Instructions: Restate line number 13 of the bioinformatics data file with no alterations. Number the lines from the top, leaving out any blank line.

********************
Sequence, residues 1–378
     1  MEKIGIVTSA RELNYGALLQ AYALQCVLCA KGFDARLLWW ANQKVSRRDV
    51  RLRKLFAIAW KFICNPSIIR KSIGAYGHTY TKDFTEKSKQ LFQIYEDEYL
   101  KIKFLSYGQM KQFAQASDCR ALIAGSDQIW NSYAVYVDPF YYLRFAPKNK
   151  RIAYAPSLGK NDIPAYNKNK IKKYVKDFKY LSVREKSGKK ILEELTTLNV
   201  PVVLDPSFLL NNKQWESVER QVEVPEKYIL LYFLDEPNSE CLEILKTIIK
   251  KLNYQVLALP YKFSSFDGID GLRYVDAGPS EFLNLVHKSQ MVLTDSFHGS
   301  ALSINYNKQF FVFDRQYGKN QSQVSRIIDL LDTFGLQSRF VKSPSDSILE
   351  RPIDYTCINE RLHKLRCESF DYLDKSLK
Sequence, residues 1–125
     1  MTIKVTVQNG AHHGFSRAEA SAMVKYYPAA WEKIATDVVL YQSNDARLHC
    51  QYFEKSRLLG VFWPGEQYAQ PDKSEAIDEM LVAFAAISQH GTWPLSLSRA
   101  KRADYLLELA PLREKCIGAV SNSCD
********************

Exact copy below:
   101  KRADYLLELA PLREKCIGAV SNSCD